Skip To Content ArcGIS for Developers Sign In Dashboard

ArcGIS API for Python

arcgis.mapping module

The arcgis.mapping module contains classes and functions to represent and interact with web maps, scenes, and certain layer types such as map image and vector tiles. In this page we will observe how to visualize maps, scenes and layers using the map widget in Jupyter notebook environment.

Contents of this page:

Using the map widget

The GIS object includes a map widget for displaying geographic locations, visualizing GIS content, as well as the results of your analysis. To use the map widget, call gis.map() and assign it to a variable, that you can then query to bring up the widget in the notebook:

In [2]:
import arcgis
from arcgis.gis import GIS
# Create a GIS object, as an anonymous user for this example
gis = GIS()
In [ ]:
# Create a map widget
map1 = gis.map('Paris') # Passing a place name to the constructor
                        # will initialize the extent of the map.
map1

paris map

Setting the map properties

Zoom level

The map widget has several properties that you can query and set, such as its zoom level, basemap, height, etc:

In [3]:
map1.zoom
Out[3]:
2.0

Assigning a value to the zoom property will update the widget.

In [4]:
map1.zoom = 10

You can also set rotation in 2D mode. This can also be achieved by right-clicking and dragging on the map.

In [5]:
map1.rotation = 45

Your notebook can have as many of these widgets as you wish. Let us create another map widget and modify some of its properties.

Map center

The center property reveals the coordinates of the center of the map.

In [ ]:
map2 = gis.map() # creating a map object with default parameters
map2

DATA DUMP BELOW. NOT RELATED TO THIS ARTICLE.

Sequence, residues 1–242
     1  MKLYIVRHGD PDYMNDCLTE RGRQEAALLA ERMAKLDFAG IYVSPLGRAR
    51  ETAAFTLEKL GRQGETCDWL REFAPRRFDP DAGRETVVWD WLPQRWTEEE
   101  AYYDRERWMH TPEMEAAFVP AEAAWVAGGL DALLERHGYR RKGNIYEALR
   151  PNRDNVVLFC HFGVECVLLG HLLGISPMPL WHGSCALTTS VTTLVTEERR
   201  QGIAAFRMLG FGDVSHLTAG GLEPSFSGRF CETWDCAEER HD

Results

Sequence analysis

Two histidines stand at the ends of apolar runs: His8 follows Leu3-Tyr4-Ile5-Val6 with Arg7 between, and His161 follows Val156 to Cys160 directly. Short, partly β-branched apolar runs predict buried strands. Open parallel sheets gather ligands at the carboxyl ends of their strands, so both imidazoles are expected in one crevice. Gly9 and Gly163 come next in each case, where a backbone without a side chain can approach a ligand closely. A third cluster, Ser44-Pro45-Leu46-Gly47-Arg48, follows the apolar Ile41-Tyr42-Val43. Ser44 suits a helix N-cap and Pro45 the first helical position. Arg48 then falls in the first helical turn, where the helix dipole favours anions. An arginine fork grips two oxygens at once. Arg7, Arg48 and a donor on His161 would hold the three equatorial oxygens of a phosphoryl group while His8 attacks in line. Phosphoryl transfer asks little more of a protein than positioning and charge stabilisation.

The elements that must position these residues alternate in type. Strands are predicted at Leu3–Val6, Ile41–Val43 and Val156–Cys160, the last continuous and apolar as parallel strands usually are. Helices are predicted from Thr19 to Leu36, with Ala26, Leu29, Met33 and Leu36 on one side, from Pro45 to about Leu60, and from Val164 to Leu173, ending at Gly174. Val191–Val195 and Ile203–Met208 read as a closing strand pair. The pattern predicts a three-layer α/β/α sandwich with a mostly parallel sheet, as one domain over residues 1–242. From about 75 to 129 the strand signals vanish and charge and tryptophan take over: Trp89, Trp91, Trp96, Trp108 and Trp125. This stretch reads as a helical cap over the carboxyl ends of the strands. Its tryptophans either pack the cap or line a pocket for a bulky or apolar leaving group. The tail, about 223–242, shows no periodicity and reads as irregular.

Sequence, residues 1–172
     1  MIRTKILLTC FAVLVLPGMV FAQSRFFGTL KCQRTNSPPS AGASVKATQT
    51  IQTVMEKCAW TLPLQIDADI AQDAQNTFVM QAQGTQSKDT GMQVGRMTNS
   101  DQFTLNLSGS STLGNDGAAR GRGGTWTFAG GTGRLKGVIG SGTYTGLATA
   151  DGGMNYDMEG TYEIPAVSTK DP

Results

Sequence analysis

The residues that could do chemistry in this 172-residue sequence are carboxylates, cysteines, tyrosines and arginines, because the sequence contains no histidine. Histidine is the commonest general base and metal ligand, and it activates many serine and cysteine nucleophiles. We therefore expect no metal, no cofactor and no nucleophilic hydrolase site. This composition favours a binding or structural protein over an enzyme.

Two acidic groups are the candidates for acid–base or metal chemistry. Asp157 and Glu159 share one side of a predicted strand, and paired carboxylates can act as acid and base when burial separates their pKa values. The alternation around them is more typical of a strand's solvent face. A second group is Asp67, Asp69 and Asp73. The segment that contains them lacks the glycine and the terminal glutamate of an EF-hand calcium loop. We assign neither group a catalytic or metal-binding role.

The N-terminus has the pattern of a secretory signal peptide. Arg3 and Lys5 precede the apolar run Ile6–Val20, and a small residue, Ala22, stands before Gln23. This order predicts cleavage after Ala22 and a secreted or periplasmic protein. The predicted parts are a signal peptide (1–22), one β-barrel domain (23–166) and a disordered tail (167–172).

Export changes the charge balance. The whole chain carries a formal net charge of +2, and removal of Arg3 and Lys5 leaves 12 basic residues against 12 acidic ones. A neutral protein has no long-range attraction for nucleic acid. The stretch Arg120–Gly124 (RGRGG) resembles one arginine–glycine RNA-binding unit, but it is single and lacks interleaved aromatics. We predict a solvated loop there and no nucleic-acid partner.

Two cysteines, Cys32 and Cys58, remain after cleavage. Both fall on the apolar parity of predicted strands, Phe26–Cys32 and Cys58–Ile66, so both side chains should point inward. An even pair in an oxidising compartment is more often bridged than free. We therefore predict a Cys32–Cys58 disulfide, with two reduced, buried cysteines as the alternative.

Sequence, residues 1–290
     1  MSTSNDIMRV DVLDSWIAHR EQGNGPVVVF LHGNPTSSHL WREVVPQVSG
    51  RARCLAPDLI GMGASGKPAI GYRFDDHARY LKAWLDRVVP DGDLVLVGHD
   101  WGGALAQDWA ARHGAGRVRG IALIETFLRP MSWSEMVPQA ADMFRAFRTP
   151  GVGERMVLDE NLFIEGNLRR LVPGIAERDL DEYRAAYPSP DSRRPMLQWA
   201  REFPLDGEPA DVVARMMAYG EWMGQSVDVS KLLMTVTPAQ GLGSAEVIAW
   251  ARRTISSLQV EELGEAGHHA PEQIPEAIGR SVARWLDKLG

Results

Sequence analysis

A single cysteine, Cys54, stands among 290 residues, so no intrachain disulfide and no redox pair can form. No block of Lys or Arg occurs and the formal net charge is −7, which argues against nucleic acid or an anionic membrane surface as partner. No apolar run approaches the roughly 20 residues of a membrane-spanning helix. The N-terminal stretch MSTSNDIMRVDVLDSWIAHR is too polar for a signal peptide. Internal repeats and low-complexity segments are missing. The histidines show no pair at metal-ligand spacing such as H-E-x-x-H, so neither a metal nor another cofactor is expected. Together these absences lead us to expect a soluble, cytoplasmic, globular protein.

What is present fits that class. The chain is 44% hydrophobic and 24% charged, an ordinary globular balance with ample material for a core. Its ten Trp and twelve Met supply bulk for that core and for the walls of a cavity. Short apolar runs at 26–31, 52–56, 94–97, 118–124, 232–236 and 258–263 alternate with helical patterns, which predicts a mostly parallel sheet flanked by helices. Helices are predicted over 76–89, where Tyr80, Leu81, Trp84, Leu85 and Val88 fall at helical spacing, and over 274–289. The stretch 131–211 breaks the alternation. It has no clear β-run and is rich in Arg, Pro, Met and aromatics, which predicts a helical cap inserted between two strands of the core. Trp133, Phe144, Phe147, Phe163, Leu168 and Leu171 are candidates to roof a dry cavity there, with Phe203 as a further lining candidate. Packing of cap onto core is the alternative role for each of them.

image.png

In [7]:
map2.center
Out[7]:
{'spatialReference': {'latestWkid': 3857, 'wkid': 102100},
 'x': 0,
 'y': 1.30385160446167e-08}

If you know the latitude and longitude of your place of interest, you can assign it to the center property.

In [8]:
map2.center = [34,-118] # here we are setting the map's center to Los Angeles

You can use geocoding to get the coordinates of place names and drive the widget. Geocoding converts place names to coordinates and can be used using arcgis.geocoding.geocode() function.

Let us geocode Times Square, NY and set the map's extent to the geocoded location's extent.

In [10]:
location = arcgis.geocoding.geocode('Times Square, NY', max_locations=1)[0]
map2.extent = location['extent']

Basemaps

Basemap are layers on your map over which all other operational layers that you add are displayed. Basemaps typically span the full extent of the world and provide context to your GIS layers. It helps viewers understand where each feature is located as they pan and zoom to various extents.

Your map can have a number of different basemaps. To see what basemaps are included with the widget, query the basemaps property

In [2]:
map3 = gis.map()
map3.basemaps
Out[2]:
['dark-gray',
 'dark-gray-vector',
 'gray',
 'gray-vector',
 'hybrid',
 'national-geographic',
 'oceans',
 'osm',
 'satellite',
 'streets',
 'streets-navigation-vector',
 'streets-night-vector',
 'streets-relief-vector',
 'streets-vector',
 'terrain',
 'topo',
 'topo-vector']

You can assign any one of the supported basemaps to the basemap property to change the basemap. For instance, you can change the basemap to the dark gray vector basemap as below:

In [ ]:
map3.basemap = 'dark-gray-vector'
map3